Citing performance issues and alleging a conflict of interest, critics blasted Friday's decision by the Texas Lottery Commission to renew a 10-year operations contract worth up to $1 billion with Rhode Island-based GTECH Corporation, the state’s primary lottery vendor since its 1992 inception.
Citing performance issues and alleging a conflict of interest, critics blasted a decision announced Friday by the Texas Lottery Commission to renew a 10-year operations contract with Rhode Island-based GTECH Corporation, the state’s primary lottery vendor since its 1992 inception. The agreement, one of the largest awarded by the state, is worth up to $1 billion.
State Rep. Garnet Coleman, D-Houston, has called for an immediate investigation of GTECH’s performance and its relationship with the commission. “I believe the vendor and the lottery commission operate as one,” he said. “It eliminates competition — and if it’s not competitive, we’re not getting the best price for the operation.”
In December of last year, Gartner Inc., a Connecticut consulting company that the commission hired to help shape the specifications for bidding, acknowledged that it was also getting paid by GTECH, creating what Gary Grief, the commission’s executive director, described as a “terrible perception problem.”
John Pittman, a vice president of Intralot, another bidder, complained to the commission in an April 30 letter: “It may limit competition and the savings that lotteries are seeing as a result of competition.”
The lottery subsequently fired Gartner in January, conducted an internal review in which lawyers found no evidence of improper information sharing and — on three different occasions — pushed back the deadline for prospective vendors to submit bids.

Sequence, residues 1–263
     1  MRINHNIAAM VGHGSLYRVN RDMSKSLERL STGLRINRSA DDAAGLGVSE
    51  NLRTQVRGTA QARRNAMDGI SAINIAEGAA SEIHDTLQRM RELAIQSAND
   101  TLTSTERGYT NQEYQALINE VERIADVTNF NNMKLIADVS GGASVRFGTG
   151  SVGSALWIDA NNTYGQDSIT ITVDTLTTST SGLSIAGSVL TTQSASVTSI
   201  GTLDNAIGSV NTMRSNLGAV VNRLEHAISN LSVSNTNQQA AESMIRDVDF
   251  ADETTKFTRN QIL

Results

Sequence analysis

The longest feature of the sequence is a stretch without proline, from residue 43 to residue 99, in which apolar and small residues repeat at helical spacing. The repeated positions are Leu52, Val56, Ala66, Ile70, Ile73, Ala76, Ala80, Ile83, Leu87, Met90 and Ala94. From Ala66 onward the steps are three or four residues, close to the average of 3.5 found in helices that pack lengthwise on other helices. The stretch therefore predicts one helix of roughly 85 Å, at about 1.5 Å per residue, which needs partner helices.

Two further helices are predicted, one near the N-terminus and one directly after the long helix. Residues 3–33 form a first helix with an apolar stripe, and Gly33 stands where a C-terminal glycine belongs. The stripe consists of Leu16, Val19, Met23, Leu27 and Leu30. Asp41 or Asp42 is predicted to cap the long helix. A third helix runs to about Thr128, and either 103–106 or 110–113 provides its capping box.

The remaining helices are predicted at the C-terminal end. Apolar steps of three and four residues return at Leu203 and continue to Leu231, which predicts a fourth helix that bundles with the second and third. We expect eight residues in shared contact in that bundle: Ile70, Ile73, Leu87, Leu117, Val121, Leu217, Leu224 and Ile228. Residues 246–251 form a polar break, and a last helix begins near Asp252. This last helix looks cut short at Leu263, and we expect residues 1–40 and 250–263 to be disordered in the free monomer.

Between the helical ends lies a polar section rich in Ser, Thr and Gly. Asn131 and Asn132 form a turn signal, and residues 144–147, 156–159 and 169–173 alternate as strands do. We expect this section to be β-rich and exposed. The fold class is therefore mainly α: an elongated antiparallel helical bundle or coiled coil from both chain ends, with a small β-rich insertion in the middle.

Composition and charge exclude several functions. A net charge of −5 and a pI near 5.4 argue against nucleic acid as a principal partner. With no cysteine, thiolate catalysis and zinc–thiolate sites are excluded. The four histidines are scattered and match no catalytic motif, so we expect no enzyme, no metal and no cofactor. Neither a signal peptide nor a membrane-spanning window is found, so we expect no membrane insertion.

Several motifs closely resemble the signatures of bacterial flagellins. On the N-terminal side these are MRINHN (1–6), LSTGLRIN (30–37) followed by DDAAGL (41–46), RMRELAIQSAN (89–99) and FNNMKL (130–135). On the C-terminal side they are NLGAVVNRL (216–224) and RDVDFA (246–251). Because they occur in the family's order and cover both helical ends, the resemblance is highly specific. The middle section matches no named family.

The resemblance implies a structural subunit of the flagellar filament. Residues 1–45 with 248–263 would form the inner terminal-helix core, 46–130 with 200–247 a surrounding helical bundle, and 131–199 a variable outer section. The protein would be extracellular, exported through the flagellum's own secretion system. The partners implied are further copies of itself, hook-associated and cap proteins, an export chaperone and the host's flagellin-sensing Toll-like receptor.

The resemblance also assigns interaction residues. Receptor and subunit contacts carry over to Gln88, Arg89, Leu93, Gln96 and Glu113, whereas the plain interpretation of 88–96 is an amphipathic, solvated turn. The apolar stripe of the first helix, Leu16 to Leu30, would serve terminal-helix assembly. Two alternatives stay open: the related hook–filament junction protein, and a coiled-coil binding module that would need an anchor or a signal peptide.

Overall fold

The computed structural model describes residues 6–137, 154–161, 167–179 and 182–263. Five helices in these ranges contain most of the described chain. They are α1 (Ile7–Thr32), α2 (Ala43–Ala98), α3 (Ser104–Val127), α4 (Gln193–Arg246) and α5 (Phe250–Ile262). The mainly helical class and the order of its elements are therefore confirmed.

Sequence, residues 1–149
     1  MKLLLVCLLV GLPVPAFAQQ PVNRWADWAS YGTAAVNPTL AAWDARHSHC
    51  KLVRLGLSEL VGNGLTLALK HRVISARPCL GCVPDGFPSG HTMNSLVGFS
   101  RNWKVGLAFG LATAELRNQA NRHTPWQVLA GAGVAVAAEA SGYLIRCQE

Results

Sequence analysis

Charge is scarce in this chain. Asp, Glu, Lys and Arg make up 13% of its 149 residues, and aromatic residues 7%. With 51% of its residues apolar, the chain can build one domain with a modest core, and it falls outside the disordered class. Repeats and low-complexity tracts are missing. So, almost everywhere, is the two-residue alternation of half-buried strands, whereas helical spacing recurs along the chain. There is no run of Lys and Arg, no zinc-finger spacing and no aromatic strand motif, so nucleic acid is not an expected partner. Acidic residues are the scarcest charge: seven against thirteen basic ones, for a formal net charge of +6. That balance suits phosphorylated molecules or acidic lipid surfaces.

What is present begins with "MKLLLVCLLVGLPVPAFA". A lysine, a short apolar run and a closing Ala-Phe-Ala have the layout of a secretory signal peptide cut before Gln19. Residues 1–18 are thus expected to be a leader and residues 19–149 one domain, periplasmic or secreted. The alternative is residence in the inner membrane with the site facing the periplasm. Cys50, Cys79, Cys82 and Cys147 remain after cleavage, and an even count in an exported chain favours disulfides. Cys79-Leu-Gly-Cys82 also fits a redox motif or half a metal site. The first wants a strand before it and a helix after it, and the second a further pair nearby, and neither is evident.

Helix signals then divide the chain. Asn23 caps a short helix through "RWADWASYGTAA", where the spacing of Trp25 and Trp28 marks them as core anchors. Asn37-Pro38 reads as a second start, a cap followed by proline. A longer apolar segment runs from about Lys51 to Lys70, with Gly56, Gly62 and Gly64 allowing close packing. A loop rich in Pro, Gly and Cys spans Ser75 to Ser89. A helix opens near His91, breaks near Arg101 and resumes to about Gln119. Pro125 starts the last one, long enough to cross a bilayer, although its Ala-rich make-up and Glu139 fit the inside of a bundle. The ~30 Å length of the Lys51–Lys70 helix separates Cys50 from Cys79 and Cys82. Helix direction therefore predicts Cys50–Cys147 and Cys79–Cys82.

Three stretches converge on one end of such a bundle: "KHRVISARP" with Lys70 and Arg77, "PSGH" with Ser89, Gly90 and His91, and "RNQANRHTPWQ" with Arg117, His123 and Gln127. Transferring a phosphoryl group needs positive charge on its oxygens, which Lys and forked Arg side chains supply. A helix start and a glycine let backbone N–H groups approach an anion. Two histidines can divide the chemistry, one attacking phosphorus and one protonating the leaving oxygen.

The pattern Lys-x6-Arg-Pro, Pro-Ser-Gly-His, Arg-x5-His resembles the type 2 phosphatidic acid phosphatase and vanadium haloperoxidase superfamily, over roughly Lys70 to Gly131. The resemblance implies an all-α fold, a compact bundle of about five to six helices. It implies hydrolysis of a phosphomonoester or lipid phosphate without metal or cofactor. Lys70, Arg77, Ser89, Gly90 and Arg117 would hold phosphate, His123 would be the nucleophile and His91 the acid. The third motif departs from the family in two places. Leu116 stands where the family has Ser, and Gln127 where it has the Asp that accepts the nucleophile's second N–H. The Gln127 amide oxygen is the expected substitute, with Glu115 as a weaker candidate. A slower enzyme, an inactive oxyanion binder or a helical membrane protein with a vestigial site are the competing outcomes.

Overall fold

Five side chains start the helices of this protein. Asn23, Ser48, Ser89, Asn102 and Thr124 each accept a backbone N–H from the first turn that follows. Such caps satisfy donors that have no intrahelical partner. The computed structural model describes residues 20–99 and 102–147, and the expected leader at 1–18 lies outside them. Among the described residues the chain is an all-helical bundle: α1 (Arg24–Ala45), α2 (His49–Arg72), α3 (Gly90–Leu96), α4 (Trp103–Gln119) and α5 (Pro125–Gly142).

Texas Lottery Commissioner Winston Krause said the issues that were discovered early in the bidding process did not affect the ultimate contract decision. “We vetted the thing pretty closely,” he said.
That GTECH beat out Intralot and another bidder, Scientific Games International, did not surprise critics who have been questioning not only GTECH’s relationship with the state but its performance record. Fewer Texans are playing the lottery, and the gaming revenues make up a smaller percentage of the state’s education budget. The commission’s research shows that currently 40 percent of adults in Texas play the lottery, compared with 70 percent in 1994. Texas ranks 28th in per capita sales out of 44 states that have a lottery, and while state budget numbers show public education costs in the state have increased by 200 percent since 1992, the lottery’s contribution to the public education coffers has remained the same: about $1 billion per year.
“Exactly what is the state getting for the $100 million per year we are paying to GTECH?” Coleman asked in an Oct. 18 letter to lawmakers.
Echoing Mr. Coleman’s concerns, State Rep. Pete Gallego, D-Alpine, the chairman of the House Select Committee on Government Efficiency, formally requested information about the bidding process as well as the identity of the commission staff member who negotiated GTECH’s previous deal.
Calls to GTECH were not returned Friday afternoon, and Grief was not available for comment, according to the commission. But Krause defended the specifications of its new contract, which call for equipment changes as a means of increasing participation back to mid-1990s levels.
“We are using this opportunity to make a quantum leap in technology,” Krause said. “It will make the whole thing far more productive.”
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